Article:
Last week I took 27 photographers on a 6-day raft trip through the Grand Canyon. It’s the second year I’ve done this (and I have no plans to stop). This year’s conditions were significantly different from last year’s: colder, wetter (it rained all but our first and last days), and windier. But with the miserable weather came much better photography, as we enjoyed beautiful light and skies throughout the trip. And I don’t think the conditions dampened anyone’s spirits.
At the post-trip pizza party, I asked everyone to share something that made the trip special for them. And as great as the photography was (it was), most of the answers centered on the fun we had, the friendships that formed, and the one-for-all and all-for-one spirit that bound our group. I couldn’t have agreed more, but left the gathering (we could have gone on all night) without expressing a personal highlight: the night sky.
As someone who grew up camping, and later backpacking, I was especially looking forward to falling asleep beneath the sky of my childhood. On clear nights far from city lights, I love nothing more than lying on my back and basking in the light of millions of distant stars (fewer than 5,000 individual stars are visible in the darkest, flat-horizon skies, but factor in the Milky Way and, well, the sky’s the limit).
I scheduled this trip specifically to avoid moonlight, but hadn’t counted on clouds. It wasn’t until our final night that I got my wish for a bedtime ceiling of starlight. That night my camera stayed in the bag as I indulged my celestial addiction until sleep finally prevailed (if I’d have had duct tape, I’d have pinned my eyelids to my forehead).
Just because there were no stars at bedtime didn’t mean I gave up hope of photographing them. Spend enough time outside and you learn that showery weather often abates overnight, so I went to bed each night with my camera and a plan. Twice during the trip I woke find the bedtime clouds replaced by stars, and both times opted for photography over sleep.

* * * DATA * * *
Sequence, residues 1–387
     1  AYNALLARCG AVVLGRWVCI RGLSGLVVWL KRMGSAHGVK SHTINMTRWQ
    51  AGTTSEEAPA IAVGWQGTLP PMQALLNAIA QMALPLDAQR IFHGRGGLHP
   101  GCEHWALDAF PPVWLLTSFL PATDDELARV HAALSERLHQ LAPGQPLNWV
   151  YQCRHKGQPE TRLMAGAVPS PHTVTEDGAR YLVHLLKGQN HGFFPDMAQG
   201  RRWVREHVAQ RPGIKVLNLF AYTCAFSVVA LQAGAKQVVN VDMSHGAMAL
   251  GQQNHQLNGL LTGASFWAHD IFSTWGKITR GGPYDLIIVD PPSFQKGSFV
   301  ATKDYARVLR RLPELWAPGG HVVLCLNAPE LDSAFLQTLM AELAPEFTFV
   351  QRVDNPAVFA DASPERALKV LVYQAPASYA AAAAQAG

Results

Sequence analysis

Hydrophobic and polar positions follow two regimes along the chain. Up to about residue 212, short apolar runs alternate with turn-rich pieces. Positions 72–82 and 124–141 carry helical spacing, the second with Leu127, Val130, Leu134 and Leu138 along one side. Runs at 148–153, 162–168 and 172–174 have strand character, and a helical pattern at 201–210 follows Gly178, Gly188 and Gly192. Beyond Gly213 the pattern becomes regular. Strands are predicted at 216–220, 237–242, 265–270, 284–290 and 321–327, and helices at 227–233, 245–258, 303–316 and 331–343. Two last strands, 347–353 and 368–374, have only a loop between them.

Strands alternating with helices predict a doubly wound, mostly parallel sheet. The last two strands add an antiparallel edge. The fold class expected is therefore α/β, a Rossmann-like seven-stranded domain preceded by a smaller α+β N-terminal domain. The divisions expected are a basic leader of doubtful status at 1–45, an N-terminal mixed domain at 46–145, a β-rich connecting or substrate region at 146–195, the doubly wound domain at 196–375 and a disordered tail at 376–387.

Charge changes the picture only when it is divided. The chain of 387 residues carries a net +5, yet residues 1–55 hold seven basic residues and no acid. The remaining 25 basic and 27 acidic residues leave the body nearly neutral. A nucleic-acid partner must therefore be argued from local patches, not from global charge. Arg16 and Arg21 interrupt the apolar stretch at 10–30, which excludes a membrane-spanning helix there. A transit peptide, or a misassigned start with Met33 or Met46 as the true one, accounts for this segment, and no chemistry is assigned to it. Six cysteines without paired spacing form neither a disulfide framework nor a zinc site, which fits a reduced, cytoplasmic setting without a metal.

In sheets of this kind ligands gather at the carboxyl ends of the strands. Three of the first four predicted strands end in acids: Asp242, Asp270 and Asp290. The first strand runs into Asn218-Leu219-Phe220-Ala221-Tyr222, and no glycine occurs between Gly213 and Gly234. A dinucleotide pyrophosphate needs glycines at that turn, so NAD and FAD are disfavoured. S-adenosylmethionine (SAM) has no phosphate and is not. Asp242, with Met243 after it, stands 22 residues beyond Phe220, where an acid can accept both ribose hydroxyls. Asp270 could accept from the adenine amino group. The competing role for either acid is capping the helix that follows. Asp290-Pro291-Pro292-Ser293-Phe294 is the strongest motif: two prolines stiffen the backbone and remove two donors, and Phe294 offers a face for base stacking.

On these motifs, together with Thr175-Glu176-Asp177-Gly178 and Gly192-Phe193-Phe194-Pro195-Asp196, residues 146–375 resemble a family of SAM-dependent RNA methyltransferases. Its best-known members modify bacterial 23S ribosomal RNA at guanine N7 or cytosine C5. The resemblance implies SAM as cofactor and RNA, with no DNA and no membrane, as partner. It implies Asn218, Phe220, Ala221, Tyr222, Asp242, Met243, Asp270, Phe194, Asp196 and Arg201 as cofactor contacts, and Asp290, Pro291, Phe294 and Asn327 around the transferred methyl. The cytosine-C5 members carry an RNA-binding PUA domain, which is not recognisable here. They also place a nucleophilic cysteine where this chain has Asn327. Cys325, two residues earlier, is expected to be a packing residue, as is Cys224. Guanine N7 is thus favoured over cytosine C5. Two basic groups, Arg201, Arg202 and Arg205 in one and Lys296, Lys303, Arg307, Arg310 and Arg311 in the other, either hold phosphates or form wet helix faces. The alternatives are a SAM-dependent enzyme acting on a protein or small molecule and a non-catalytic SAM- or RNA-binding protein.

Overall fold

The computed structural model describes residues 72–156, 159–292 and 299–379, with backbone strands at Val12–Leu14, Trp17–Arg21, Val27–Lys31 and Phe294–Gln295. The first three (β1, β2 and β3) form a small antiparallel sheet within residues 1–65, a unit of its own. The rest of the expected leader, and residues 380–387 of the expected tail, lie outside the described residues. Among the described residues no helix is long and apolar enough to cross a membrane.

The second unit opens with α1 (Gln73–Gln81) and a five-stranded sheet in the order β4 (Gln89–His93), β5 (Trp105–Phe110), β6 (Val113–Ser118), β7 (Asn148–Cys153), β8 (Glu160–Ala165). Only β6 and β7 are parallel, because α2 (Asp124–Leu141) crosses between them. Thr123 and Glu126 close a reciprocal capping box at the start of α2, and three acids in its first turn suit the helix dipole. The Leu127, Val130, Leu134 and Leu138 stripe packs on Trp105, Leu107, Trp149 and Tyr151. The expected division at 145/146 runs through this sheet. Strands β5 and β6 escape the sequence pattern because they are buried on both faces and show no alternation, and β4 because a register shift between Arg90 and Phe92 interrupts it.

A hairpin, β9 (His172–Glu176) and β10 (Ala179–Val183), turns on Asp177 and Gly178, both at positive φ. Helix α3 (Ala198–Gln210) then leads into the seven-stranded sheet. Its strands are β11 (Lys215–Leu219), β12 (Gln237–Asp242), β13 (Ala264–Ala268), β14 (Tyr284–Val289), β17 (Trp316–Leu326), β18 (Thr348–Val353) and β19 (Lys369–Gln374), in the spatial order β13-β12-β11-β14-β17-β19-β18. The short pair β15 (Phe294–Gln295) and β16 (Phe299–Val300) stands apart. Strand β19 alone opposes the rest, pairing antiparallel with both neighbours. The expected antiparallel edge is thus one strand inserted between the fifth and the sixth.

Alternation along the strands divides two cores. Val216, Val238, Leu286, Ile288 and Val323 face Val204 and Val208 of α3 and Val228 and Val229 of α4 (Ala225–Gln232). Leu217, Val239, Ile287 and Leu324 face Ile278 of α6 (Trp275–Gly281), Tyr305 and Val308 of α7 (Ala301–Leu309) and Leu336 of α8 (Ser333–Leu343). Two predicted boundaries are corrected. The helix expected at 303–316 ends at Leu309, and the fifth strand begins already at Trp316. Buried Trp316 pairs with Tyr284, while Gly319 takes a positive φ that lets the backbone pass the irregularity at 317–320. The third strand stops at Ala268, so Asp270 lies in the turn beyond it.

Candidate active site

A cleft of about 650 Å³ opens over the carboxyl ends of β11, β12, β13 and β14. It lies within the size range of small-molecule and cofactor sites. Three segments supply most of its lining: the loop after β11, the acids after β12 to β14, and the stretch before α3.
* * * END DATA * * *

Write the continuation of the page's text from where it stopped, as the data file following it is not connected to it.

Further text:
The image here was from the trip’s first night. My bedtime routine started with determining the cardinal directions relative to the campsite’s best views, and whether/when the brightest part of the Milky Way would appear. This requires an open sky to the south, not the easiest thing in the Grand Canyon, which trends east/west over most of its length. But the trip’s first couple of days are in the canyon’s north/south Marble Canyon section, which allowed a wonderfully open view of the southern sky on our first night.
Near the river were lots of view-blocking shrubs, but I found an elevated spot, with a view of the river, against a shear wall about 20 feet above my cot. With a composition in mind, I fell asleep beside my tripod-mounted, Sony a7S and and Zeiss 28 f2, which were pre-set and focused for dark sky photography.
I woke at around 2:30 a.m. to find the Milky Way perfectly framed by the Canyon walls. With the help of the soft light from my iPhone screen (to avoid disturbing my night vision), I stumbled up to my vantage point and went to work. A 39% waning crescent moon had just risen somewhere behind the canyon wall to the east to illuminate the top of the western canyon wall, an unplanned bonus. Since I’m still familiarizing myself with the a7S, I tried a variety of exposure combinations for each of the three compositions I tried.
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